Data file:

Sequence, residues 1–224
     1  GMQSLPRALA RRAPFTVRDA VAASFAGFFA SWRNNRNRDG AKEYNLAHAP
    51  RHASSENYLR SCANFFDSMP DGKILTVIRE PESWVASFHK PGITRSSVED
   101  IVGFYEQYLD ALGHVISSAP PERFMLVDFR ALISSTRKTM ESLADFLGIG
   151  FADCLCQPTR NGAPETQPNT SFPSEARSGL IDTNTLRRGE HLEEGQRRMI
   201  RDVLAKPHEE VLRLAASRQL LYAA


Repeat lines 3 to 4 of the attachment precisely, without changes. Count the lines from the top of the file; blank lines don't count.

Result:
    51  RHASSENYLR SCANFFDSMP DGKILTVIRE PESWVASFHK PGITRSSVED
   101  IVGFYEQYLD ALGHVISSAP PERFMLVDFR ALISSTRKTM ESLADFLGIG